Sex Series (2003)
© Atta Kim
Korean photographer Atta Kim has done several experiments with long exposures some even featuring couples making love (above). In his eight-hour photograph of the intersection of Fifth Avenue and 57th Street in New York, the buildings are crisp and life is just a shadow. One of the liveliest corners of the world looks dead.
We could make Oxford Street look empty on its busiest day if we could expose a photograph long enough so that all the people and cars in movement would blur until they disappear.
The shutter speed can be controlled to capture more or less blur depending on the speed that the subject moves. Experimentation is important, varying the settings, trying something new and not giving up at the first failed attempt.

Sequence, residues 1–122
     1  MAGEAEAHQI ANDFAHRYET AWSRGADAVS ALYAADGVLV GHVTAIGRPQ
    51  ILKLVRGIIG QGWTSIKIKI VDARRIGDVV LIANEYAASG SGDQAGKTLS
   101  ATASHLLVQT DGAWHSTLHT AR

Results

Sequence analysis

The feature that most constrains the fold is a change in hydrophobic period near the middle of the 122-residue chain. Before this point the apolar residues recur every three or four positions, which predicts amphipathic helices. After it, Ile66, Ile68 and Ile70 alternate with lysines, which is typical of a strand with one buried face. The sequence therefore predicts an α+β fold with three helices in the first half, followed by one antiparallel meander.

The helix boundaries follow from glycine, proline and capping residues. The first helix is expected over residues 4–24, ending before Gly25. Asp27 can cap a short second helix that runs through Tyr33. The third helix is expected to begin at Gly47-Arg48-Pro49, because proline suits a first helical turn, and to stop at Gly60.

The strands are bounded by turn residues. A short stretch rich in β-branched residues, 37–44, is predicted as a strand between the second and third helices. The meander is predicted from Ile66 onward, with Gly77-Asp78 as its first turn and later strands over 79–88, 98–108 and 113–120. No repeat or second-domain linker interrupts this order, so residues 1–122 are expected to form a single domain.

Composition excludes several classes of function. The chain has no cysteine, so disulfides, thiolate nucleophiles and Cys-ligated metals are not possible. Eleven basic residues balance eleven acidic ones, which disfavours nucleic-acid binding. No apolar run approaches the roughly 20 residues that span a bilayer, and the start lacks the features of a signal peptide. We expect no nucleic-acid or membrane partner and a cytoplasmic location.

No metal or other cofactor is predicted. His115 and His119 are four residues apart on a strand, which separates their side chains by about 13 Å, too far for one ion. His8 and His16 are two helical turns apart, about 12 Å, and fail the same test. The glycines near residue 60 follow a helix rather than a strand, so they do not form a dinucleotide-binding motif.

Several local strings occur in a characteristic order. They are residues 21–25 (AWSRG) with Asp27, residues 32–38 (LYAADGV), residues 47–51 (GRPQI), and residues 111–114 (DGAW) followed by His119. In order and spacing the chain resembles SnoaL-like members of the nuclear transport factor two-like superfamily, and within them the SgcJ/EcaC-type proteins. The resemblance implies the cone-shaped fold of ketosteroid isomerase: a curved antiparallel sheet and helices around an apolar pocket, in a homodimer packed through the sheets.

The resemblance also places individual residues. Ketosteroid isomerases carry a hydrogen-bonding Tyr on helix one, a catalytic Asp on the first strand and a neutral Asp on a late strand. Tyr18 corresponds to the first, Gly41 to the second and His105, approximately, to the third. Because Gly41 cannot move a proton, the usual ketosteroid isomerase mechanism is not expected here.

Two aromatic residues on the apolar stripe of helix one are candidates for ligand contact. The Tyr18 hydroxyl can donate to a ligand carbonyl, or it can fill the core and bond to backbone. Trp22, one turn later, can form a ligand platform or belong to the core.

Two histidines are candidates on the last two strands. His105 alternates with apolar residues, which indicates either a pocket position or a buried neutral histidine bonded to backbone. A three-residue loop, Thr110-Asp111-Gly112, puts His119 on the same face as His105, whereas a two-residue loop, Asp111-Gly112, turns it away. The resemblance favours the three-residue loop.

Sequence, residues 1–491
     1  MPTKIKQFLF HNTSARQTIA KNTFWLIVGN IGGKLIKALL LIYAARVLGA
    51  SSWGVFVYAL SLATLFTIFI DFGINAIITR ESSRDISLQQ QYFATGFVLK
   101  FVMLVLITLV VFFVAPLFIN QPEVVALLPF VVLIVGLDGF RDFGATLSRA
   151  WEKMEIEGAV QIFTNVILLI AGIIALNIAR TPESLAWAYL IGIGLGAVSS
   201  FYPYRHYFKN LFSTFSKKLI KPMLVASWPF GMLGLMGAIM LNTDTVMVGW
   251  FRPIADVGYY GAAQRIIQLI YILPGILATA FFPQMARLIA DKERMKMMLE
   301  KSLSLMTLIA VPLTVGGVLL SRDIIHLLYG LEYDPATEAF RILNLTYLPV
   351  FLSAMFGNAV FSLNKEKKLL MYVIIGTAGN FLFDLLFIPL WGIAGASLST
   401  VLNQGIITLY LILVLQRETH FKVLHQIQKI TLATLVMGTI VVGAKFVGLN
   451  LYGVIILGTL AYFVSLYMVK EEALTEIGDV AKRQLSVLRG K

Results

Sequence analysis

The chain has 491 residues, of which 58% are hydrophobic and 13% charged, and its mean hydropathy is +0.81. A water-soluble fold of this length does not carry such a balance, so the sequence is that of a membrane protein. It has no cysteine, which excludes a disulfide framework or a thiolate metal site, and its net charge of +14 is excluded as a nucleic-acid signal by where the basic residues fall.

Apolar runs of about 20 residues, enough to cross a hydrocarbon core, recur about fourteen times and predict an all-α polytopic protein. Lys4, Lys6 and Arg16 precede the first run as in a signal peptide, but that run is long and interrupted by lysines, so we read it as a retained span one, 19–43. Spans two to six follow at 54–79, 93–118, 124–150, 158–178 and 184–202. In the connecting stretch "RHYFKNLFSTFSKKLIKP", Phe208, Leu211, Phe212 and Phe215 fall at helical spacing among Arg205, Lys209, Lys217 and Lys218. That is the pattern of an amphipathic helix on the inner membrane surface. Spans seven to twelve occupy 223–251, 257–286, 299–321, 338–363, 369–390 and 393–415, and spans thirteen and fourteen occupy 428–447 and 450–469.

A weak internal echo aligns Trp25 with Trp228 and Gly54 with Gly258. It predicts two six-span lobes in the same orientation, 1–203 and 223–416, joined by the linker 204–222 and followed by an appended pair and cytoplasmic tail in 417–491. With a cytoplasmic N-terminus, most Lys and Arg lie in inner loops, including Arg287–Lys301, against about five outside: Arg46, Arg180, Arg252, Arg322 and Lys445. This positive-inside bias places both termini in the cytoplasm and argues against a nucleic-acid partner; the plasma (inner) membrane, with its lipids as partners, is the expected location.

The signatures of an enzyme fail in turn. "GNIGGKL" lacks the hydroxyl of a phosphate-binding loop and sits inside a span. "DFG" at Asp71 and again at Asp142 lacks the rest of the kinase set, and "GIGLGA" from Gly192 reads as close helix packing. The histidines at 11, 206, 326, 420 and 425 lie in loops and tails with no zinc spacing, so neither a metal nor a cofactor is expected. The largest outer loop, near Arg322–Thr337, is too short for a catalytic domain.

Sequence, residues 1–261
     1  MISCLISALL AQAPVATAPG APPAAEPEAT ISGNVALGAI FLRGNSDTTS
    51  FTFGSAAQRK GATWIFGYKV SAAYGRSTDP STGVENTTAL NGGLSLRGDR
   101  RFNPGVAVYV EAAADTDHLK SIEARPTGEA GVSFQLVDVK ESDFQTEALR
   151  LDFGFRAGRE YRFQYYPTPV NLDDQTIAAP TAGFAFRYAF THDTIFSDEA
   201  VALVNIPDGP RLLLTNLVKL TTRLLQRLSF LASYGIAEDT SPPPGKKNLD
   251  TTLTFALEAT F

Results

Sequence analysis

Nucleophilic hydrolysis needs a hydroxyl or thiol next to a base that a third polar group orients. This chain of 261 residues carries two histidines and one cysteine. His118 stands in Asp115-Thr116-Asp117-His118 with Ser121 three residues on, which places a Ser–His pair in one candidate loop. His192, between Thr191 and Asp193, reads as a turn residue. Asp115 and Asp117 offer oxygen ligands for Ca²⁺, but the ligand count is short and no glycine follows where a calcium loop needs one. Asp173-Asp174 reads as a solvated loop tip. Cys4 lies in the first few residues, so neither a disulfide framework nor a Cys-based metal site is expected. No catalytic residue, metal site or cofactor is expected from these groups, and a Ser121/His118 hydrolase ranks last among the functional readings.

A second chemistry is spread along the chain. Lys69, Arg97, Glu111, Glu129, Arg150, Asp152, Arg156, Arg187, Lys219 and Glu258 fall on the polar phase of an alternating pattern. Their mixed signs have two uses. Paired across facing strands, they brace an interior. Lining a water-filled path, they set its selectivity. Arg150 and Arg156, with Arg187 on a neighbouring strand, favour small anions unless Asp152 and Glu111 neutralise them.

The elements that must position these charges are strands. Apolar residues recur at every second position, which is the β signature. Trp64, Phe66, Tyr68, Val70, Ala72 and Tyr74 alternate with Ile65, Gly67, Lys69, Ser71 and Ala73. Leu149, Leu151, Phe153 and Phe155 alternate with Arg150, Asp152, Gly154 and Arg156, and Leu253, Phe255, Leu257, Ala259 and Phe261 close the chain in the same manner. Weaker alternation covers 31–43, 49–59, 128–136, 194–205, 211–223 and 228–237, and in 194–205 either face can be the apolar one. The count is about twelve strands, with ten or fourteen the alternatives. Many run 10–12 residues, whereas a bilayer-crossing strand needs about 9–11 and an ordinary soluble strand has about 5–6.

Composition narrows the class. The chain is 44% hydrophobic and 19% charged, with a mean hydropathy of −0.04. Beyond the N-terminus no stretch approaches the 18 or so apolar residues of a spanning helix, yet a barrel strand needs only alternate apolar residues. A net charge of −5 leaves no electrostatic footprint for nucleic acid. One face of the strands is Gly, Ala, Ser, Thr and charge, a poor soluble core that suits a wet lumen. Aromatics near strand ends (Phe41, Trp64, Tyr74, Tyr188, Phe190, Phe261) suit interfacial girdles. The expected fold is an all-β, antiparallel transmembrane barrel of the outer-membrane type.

To get long exposures, usually we set low ISO sensitivity (100 or less) combined with small apertures (high f/number) to get little light into the camera, and therefore allowing us to leave the shutter open or a long time. Play around with these three settings: ISO, Shutter-Speed and Aperture. Remember the BULB setting which enables exposures longer than 30 seconds on SLR cameras. Use a tripod and a shutter release cable (with a lock) if you have.
Try to forget your light meter as on BULB it will actually disappear and on long exposures it will probably be useless anyway. Try to think and change the settings as you see the first results, for example: If the first picture comes out too bright, close the aperture, lower the ISO or leave the shutter open for less time. If it comes out too dark, do the opposite: Open the aperture, increase the ISO or leave the shutter open for longer. Do it gradually, take notes, and have fun.
We prepared a Pinterest board to get you inspired.
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